So, now we have reached the conclusion to Rick Riordan’s first series. With his 2009 novel The Last Olympian completed, so is Riordan’s warm-up period when it comes to his expanding diversity, and the depth of his themes. Riordan manages to balance humor, mythology, and some very serious questions about the world, about loss, and trauma. The Last Olympian is my favorite of this first series, and I think it is worthy of that esteem. So, let’s dive into it.
Spoilers for The Last Olympian and Riordan’s Other Works.
So, What Happened?
The Last Olympian opens with Rachel and Percy on a beach, spending time together. Then Beckendorf and Blackjack interrupt, taking Percy on a mission, a week before the prophesied 16th birthday. They arrive at the Princess Andromeda, and Beckendorf goes to plant bombs while Percy distracts people. Kronos traps them, and reveals he has a spy at camp. Beckendorf sets off the bombs, allowing Percy to escape and destroying the Princess Andromeda. After an interlude in Atlantis, where Poseidon reveals his exhaustion after a year of fighting Oceanus, Percy returns to Camp, where Silena, Beckendorf’s girlfriend grieves. Chiron and Annabeth give Percy the whole Great Prophecy, which Percy takes to mean the fight will kill him. Chiron also reveals that Typhon escaped and all of the gods are fighting him, and not stopping him.
Nico takes Percy on a quest to the Underworld, where Hades captures Percy with the intent of allowing Nico to complete the prophecy and tells Nico his mother’s name. Nico breaks Percy out, and they head to the River Styx, where Percy takes on the Curse of Achilles. Upon return to the surface, Percy and the campers head to Manhattan, to defend Olympus. Morpheus puts the entire island to sleep, and Kronos and Hecate turn away any reinforcements with magic.
Despite Percy’s new invincibility, reinforcements from the Hunters, nature spirits, and the Party Ponies, the next few days are a long, slow retreat from the whole of the island to the Empire State Building. Highlights include Percy killing the Minotaur again, and him commanding two statue lions to “Kill Flying Pigs”. Lowlights include Silena pulling a Patroclus (INSERT LINK) against a drakon, revealing she was the spy, and dying, and Annabeth taking a poisoned knife to the shoulder for Percy. Several people die.
Kronos enters Olympus, and makes for the throne room, with Percy, Annabeth, and Grover in pursuit. Percy and Kronos fight and Annabeth manages to pull Luke to the surface when Kronos attacks her. Luke kills himself with Annabeth’s knife, and repents, keeping Kronos contained long enough to die. Afterward, the gods reward the demigods. Grover becomes a member of the Council of Cloven Elders, Annabeth becomes the architect that will redesign Olympus. They offer Percy immortality, and he turns it down, asking instead for the gods to acknowledge their children, and to grant the minor gods thrones and cabins. Rachel becomes the Oracle and makes a new prophecy. That evening, Percy and Annabeth enter a relationship. They spend the rest of the summer starting to build new cabins, and leave at the end of the summer happy, but remembering those they lost.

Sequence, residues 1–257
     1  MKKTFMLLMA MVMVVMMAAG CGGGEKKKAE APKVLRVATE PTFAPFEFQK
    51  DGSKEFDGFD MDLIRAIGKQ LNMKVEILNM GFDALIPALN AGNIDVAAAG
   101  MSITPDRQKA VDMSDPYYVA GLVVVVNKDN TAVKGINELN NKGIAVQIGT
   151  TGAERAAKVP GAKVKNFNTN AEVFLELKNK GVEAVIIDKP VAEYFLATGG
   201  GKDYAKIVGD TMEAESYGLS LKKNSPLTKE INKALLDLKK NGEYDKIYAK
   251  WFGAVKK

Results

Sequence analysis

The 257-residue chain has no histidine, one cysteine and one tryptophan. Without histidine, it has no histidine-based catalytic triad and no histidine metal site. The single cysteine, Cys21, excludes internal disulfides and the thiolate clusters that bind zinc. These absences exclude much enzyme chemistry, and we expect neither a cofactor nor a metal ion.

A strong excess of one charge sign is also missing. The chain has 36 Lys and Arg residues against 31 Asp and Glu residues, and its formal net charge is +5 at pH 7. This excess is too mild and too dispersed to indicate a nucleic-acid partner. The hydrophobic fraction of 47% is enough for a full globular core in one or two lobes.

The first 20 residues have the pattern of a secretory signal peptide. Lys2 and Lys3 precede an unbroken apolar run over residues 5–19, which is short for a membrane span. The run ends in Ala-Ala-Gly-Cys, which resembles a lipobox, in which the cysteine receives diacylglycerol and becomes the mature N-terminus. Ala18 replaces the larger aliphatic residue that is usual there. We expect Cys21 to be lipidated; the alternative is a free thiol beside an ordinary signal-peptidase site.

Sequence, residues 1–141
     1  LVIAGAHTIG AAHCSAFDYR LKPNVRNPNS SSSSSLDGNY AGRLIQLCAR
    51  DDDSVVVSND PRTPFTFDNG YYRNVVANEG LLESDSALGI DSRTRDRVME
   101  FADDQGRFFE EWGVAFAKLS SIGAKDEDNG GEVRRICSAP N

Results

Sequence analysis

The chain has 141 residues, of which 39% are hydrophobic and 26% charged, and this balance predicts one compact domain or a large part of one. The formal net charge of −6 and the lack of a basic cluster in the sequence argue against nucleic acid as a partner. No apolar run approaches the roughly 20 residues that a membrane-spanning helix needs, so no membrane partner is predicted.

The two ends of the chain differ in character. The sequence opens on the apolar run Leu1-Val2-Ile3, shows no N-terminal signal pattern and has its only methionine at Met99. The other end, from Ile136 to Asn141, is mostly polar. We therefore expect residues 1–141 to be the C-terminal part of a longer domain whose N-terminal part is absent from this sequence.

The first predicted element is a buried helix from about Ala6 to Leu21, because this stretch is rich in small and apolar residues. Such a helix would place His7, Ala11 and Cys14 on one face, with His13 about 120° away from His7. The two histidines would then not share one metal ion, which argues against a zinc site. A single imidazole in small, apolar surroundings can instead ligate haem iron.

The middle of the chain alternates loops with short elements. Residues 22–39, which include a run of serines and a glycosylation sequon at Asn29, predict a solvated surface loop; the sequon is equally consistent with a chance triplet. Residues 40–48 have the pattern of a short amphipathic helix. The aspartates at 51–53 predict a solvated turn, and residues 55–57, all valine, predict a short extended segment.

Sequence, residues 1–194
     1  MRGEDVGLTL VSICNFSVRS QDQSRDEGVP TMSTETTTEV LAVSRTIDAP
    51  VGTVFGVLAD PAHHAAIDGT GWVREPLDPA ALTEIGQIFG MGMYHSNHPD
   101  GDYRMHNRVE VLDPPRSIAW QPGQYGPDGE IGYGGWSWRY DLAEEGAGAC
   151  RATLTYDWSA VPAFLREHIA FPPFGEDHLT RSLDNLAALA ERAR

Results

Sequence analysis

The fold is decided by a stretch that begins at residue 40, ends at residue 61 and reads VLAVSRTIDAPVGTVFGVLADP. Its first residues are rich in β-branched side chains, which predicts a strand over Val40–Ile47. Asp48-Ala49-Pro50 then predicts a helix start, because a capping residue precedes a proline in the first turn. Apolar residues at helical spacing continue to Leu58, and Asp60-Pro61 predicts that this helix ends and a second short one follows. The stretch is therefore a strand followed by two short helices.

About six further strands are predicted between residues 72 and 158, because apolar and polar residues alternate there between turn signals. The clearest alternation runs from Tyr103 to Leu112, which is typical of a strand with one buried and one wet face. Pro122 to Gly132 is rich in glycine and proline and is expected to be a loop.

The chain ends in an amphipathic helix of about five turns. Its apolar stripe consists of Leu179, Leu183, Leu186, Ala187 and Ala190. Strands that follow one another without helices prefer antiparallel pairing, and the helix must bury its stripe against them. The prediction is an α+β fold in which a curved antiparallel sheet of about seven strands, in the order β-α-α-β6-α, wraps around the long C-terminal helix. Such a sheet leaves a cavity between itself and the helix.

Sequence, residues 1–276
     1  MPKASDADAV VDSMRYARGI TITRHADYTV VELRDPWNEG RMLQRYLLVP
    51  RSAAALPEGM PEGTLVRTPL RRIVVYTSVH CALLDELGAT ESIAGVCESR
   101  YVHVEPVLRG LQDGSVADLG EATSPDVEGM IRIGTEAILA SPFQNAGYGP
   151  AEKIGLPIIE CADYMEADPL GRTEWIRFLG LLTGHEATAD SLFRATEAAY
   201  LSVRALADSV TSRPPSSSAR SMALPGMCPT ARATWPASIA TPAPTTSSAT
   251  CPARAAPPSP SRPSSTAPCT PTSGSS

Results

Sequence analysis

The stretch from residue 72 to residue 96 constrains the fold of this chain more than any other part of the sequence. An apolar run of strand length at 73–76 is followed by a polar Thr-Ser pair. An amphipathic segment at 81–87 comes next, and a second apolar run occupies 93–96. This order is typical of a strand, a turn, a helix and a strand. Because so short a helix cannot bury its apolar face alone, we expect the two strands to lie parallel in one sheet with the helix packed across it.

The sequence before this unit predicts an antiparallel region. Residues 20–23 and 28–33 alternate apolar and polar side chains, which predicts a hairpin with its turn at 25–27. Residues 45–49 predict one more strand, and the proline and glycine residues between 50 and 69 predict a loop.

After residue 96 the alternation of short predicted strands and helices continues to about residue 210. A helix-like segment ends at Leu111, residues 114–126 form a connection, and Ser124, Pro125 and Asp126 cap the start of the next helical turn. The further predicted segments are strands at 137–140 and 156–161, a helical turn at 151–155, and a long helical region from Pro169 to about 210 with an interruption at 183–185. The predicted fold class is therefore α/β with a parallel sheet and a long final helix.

One of the things that Riordan does well here is portray varied relationships between children and their step-parents. We see this through the foils of Percy’s interactions with Paul and with Amphitrite. During Percy’s brief recuperation in Atlantis, he meets Poseidon’s godly family, including his step-mother Amphitrite. “The lady in green armor stared at me coldly, then crossed her arms and said, ‘Excuse me, my lord. I am needed in the battle. … I’d never thought about it much, but my dad had an immortal wife. All his romances with mortals, including with my mom . . . well, Amphitrite probably didn’t like that much” (36). Add to the cheating and the fact that this is their first meeting during a time of war, and the distance between the two of them makes sense.
But the relationship between Percy and Paul is healthy, sometimes even moreso than the relationship between Percy and Poseidon. Paul let Percy borrow his car even though he’s a week from being 16, in a safe situation. He encourages Sally to help Percy with the parental permission part of the curse of Achilles. Finally, we see this. “Paul grabbed a sword from a fallen hero and did a pretty fine job keeping a dracaena busy. He stabbed her in the gut, and she disintegrated” (319).
And the closeness between the two is shown with how Percy refers to Paul. Most of the time we see, my mom and Paul as the identifier used for the two of them, but occasionally, in high-stress situations, we see, “my parents” (271), where we see that he doesn’t differentiate between the two because of blood ties, that he loves both of them. Paul’s actions suggest that he loves Percy as his son too.
With Amphitrite and Paul, Riordan shows how having family thrust on you by marriage and cheating (Amphitrite), and choosing to become a member of someone’s family (Paul), changes how those relationships carry on. Also, Paul is an awesome parent and person, and it needs to be more widely recognized.
In several small moments, often just a few words, alongside one allegory, Riordan acknowledges trauma in the characters he’s crafted. Often, children’s authors will not acknowledge the traumatic events their plots would instill in their characters, especially in media for younger children. Riordan, by contrast, deals with trauma and does it well.